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June 30, 2010
Demonstrably Durable: Indiana Case Reveals Indiana Courts Still Recognize Demonstrably False Accusation Exception To Rape Shield Rule
"Under common law, evidence of prior false allegations of sexual misconduct is admissible if the allegation was demonstrably false and similar to that with which the defendant was charged, or if the complaining witness has admitted that the prior accusation was false." Jack Kenney, Prior False Allegations of Sexual Misconduct, Other Holdings 41-JUN Res Gestae 30, 30 (1998).
The recent opinion of the Court of Appeals of Indiana in Wells v. State, 2010 WL 2396283 (Ind.App. 2010), reveals that Indiana courts still recognize this common law rule as an exception to Indiana's rape shield rule and the unlikelihood that defendants will be able to use it to their advantage.
In Wells, Jason Wells was convicted of Child Molesting based upon acts that he allegedly committed against A.W., his then 13 year-old daughter. At trial, the court prevented Wells from presenting evidence that A.W. had made somewhat similar allegations to her brother and a friend against another individual around the same time she reported sexual abuse by her father. Unlike the allegations against Wells, A.W. did not make these allegations to police, and no charges were ever brought against this other individual.
After he was convicted, Wells appealed, claiming, inter alia, that the trial court erred by precluding him from presenting this evidence. The Court of Appeals of Indiana noted that there are only four codified exceptions to the proscription in Indiana's rape shield rule -- Indiana Rule of Evidence 412 -- on the admission of evidence of past sexual conduct by a witness or the alleged victim: The rule allows for the admission of
(1) evidence of the victim's or of a witness's past sexual conduct with the defendant;
(2) evidence which shows that some person other than the defendant committed the act upon which the prosecution is founded;
(3) evidence that the victim's pregnancy at the time of trial was not caused by the defendant; or
(4) evidence of conviction for a crime to impeach under Rule 609.
The court went on to note, however, that
There is also a common law exception to this rule when a defendant seeks to introduce evidence of a prior false accusation of rape....Thus, evidence of prior false accusations may be admitted, but only if (1) the complaining witness admits he or she made a prior false accusation of rape; or (2) the accusation is demonstrably false....Prior accusations are demonstrably false where the victim has admitted the falsity of the charges or they have been disproved.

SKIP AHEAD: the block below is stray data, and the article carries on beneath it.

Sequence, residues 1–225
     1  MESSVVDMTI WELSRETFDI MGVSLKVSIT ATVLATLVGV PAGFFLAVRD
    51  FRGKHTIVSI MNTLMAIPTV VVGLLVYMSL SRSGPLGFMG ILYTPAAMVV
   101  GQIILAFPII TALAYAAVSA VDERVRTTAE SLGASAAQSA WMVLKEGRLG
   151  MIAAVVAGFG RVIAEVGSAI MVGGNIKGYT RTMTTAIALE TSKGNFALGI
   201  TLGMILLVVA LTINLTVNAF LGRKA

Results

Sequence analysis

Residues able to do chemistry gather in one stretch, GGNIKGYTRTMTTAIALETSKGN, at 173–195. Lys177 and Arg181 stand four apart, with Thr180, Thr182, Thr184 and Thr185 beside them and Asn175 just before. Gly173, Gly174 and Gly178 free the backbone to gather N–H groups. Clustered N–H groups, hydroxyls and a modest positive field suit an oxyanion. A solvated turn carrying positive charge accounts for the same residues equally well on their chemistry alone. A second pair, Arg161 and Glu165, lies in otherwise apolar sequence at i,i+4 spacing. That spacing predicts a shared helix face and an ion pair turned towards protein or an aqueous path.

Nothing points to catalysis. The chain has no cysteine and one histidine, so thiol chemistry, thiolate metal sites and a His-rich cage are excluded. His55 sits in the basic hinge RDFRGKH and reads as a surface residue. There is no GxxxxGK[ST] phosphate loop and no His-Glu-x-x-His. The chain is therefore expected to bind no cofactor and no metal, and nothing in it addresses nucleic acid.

But the court then found that Wells failed to satisfy either of these tests because "A.W. ha[d] not admitted that her accusation [wa]s false and there [wa]s no other evidence in the record tending to establish that the accusation was demonstrably false." Moreover, the court found that "Indiana's Rape Shield Statute has repeatedly been found constitutional on its face so long as it does not violate a defendant's right to cross-examination" and that "Wells was able to cross-examine A.W. and all other witnesses about the alleged molestation and A.W.'s general character, and it was Wells's failure to present relevant evidence establishing the falsity of her prior rape allegations that led to the exclusion of the proffered evidence."
June 30, 2010 | Permalink
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Georgia has a similar rule. A prior false allegation can be admitted (as an exception to the rape shield law) if there is a "reasonable probability" that the allegation was false. The defense has the burden of proving that reasonable probability at a pre-trial hearing.
The case law currently gives the defendant a decent shot at being able to prove that the prior allegation was false. The fact that the allegation was never prosecuted is not sufficient evidence; and the fact that the alleged perpetrator denies the allegation is not sufficient on its own. But a little more evidence than that is frequently sufficient.
Posted by: Buffy | Jul 2, 2010 4:50:49 AM